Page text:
At least Japan tried to save its state-managed economy. But that led not to another 30 glorious years, but Three Lost Decades. There was, as the slogan credited to Margaret Thatcher said, no alternative to market-focused reform.

Tyranny, Inc.’s labor history is as propagandistic as its economic history. Ahmari seeks a return to the logic of the original Wagner Act, which he claims explicitly promoted unionism. Interestingly, the law’s sponsor, Sen. Robert Wagner (D-NY), repeatedly affirmed that coercing workers to join unions was not his intention during legislative debates, which may have been deception. But if it was deception, Wagner’s reliance on it speaks to a political reality—coercion by labor unions is not popular in the American context.

After it went into effect, the original Wagner Act was reformed for a reason. Once the WWII-era labor pacts devolved into the 1945–46 strike wave and attendant economic crisis, the public demanded what would later become the bipartisan Taft-Hartley Act restrictions on secondary boycotts, its reciprocal mandate to good-faith bargain, and its placement of coercive acts by unions under federal regulatory jurisdiction. These were all direct responses to recognized abuses encouraged by the original Wagner Act. (This is to say nothing of Taft-Hartley’s limitations on the closed shop and other practices to coerce union membership.)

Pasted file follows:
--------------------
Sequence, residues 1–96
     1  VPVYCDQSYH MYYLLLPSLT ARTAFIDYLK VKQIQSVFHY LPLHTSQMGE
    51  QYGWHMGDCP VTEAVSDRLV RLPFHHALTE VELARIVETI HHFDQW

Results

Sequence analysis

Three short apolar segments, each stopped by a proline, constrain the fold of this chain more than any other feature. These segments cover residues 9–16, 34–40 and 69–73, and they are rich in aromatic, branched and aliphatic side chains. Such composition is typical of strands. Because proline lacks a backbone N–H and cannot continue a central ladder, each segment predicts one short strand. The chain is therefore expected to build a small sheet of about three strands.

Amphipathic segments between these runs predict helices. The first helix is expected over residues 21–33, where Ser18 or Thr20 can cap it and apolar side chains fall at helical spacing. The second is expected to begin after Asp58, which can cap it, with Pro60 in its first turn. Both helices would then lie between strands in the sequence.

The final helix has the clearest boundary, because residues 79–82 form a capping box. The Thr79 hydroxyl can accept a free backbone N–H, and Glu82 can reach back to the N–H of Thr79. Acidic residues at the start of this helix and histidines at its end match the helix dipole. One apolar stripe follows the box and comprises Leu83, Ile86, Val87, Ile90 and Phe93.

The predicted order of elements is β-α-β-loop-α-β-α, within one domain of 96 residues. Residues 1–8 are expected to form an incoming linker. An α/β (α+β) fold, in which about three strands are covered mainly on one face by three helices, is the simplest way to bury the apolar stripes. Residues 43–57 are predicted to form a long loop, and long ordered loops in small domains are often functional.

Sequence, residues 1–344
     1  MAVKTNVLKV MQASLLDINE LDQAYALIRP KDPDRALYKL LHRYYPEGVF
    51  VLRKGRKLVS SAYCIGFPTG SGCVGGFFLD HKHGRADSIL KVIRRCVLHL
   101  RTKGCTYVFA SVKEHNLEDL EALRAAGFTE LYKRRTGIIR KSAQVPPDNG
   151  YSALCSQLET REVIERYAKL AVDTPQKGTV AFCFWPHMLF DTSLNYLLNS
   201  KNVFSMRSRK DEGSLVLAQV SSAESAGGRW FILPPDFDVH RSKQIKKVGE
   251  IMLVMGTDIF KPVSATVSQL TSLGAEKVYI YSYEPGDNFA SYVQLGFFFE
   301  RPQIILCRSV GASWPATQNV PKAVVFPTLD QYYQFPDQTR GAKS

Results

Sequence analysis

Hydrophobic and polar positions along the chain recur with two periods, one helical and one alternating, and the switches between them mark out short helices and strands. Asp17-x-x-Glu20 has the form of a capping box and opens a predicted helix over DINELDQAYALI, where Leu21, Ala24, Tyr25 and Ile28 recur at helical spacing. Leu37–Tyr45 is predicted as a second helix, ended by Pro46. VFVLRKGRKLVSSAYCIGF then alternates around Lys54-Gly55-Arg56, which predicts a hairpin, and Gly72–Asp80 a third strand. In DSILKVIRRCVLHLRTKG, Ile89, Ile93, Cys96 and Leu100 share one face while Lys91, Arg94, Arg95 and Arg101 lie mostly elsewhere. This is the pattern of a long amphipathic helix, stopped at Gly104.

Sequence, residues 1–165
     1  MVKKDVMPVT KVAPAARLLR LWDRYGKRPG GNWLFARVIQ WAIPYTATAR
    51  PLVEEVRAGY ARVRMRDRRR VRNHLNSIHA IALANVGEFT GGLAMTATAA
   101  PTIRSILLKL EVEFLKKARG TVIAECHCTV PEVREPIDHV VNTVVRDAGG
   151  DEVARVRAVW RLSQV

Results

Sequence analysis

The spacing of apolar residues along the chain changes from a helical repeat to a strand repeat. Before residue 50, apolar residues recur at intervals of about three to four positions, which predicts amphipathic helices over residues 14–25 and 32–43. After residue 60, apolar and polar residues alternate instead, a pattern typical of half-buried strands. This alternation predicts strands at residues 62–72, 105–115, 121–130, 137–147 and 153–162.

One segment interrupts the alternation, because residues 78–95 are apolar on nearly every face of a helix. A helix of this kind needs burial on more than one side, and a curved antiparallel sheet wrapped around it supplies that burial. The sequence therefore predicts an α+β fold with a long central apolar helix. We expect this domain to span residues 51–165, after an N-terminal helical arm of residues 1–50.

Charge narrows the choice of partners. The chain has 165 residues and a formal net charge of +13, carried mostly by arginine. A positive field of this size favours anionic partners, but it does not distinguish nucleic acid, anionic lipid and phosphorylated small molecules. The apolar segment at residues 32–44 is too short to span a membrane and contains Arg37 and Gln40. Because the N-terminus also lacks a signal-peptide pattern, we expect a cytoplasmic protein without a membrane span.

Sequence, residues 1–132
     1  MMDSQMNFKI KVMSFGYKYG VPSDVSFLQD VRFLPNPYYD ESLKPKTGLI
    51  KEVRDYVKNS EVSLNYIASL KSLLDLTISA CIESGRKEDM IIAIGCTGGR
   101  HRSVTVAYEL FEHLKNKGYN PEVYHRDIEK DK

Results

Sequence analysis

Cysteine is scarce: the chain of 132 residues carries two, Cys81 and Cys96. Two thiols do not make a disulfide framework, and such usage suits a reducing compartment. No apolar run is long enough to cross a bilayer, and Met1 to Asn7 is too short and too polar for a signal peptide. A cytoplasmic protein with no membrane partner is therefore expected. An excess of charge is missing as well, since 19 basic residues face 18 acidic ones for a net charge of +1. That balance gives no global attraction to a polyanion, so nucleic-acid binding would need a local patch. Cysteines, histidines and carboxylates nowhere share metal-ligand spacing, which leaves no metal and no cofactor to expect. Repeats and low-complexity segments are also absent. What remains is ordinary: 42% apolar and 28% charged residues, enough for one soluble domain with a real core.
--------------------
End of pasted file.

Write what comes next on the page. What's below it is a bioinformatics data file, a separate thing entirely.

The Wagner Act system had also created a vehicle for the organized crime takeover of major unions. One cannot address American labor history without grappling with James Riddle Hoffa. As a result, even the supposed New Dealer Dwight Eisenhower had to pass (with the assistance of such figures as Sen. Jack Kennedy (D-MA) and his staffer brother Bobby) the Labor Management Reporting and Disclosure Act to do something about it.